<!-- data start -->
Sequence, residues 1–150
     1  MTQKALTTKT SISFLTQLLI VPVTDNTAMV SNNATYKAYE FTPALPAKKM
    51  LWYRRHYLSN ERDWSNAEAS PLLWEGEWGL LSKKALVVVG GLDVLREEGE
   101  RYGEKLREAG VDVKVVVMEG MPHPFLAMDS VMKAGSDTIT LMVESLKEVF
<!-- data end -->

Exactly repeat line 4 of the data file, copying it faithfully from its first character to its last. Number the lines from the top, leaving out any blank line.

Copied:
   101  RYGEKLREAG VDVKVVVMEG MPHPFLAMDS VMKAGSDTIT LMVESLKEVF